• Publisher: IVP Academic (October 28, 2009)
  • Language: English
  • ISBN-10: 0830838732
  • ISBN-13: 978-0830838738
  • Product Dimensions: 6 x 0.8 x 9 inches
  • Shipping Weight: 1 pounds (View shipping rates and policies)
  • Average Customer Review: 4.8 out of 5 stars  See all reviews (26 customer reviews)
  • Amazon Best Sellers Rank: #359,598 in Books (See Top 100 in Books)

Customer Reviews

Top Customer Reviews

By Michael Dalton VINE VOICE on January 26, 2010
Format: Paperback
Has the Church made too much of the Trinity? Reading Life in the Trinity by Donald Fairbairn makes me realize that this doctrine is crucial and practical.

What is the heart of Christian life? Fairbairn suggests "part of the answer is that a life reflecting the love Jesus has shown for us lies close to the heart." He sees "first and foremost, then, Christian life is a process of abiding in Christ, of relying on him, of recognizing and maintaining one's connection to him in all aspects of life."

To take it further, and where the real beauty of this book lies, is seeing our relationship with Christ in terms of his relationship with the Father and the Holy Spirit. Fairbairn writes, "He (Christ) is offering himself to us as a person, that we might share in his most deeply personal relationship, the relationship he has with God the Father." Seen in this context, the Christian life is a sharing in the life of the Trinity. This is the scarlet thread that runs through every chapter.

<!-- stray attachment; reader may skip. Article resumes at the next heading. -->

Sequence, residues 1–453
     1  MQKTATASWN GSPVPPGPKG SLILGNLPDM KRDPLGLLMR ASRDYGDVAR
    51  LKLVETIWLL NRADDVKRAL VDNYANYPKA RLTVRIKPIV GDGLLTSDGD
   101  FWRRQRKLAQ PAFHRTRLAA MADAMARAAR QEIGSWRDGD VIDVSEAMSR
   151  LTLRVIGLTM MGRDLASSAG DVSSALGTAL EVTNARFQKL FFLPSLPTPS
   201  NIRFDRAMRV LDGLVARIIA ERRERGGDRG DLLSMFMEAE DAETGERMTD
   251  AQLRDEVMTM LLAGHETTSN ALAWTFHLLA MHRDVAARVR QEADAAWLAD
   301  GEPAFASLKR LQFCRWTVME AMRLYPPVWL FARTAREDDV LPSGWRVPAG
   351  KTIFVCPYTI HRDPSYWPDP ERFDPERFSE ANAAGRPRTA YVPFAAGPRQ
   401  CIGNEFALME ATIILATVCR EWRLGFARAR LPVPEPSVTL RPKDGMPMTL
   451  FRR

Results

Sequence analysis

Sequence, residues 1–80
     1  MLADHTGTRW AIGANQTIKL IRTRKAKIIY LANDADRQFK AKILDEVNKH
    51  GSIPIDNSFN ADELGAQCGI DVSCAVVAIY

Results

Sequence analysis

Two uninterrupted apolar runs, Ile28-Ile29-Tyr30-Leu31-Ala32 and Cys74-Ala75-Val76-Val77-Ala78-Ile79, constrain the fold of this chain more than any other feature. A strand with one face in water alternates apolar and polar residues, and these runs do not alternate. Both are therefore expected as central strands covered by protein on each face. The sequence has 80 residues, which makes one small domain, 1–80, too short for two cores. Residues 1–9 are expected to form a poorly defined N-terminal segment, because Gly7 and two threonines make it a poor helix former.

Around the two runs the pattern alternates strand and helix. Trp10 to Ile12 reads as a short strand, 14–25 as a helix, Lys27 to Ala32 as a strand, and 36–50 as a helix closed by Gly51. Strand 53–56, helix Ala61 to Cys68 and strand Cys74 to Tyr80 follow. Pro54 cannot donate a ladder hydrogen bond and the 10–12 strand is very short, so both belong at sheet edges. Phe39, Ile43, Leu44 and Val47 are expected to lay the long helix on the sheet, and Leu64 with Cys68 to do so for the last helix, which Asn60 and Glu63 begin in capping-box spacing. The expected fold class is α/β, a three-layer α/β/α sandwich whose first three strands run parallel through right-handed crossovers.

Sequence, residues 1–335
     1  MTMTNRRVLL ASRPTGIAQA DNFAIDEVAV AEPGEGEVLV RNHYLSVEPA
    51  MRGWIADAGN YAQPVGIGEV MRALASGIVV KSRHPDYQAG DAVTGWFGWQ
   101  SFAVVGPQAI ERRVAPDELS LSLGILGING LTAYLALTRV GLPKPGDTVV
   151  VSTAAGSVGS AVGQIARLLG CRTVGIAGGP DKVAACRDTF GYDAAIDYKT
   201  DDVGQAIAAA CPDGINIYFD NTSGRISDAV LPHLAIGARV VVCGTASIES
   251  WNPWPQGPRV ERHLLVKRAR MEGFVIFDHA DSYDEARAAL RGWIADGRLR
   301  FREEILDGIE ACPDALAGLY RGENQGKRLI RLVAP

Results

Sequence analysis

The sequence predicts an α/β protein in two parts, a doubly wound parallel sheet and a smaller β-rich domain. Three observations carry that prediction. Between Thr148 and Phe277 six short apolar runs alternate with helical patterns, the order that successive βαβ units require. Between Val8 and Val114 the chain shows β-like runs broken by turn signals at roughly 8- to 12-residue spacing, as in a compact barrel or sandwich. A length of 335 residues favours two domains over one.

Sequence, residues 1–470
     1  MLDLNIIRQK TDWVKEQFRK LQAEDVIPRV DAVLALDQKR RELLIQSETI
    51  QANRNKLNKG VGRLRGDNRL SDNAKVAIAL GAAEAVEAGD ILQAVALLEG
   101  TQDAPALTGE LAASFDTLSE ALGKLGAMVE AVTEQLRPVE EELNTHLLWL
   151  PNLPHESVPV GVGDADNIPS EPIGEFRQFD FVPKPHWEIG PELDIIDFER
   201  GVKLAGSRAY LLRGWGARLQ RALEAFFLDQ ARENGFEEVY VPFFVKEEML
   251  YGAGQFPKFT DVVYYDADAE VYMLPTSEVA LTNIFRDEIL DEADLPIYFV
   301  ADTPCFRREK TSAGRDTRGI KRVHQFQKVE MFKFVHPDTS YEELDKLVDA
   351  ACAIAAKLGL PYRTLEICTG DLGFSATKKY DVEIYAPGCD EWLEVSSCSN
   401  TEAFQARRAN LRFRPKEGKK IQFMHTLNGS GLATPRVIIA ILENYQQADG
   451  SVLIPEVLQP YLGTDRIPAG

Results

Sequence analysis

Fairbairn expertly walks readers through Trinitarian theology, which is fascinating, but his most important work is sharing relational and practical implications. He makes it clear that the worth of everyone lies in our being made in the image of God. "Christianity teaches us that our significance does not ultimately lie in what we accomplish or what we do: it lies in the one to whom we belong," he writes. "Our significance is not something that can be earned; it is something given to us by God."

He is also a wise guide into the thought of the Church fathers. He makes judicious use of their writings, to inform modern perspectives that can be lacking. He draws most from four Patristic writers: Irenaeus of Lyons, Athanasius of Alexandria, Augustine of Hippo and Cyril of Alexandria.
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Format: Paperback
I usually read books that are a few centuries older than this book, but I wanted to read a modern treatment and so "stumbled" on to Life in the Trinity. The book started rather slowly from my view at the time, but rather quickly new avenues of thought were coming through. When I went back and started over, I could see that the real problem was my expectations. I was the one that started slowly and not the book. Quite quickly it became obvious that this book is very suggestive of new avenues of thought and how they tie in with the basic doctrines of Scripture. The author (Donald Fairbairn) does not seem as concerned with the same things as so many modern writers. This is one of the great strengths of the book.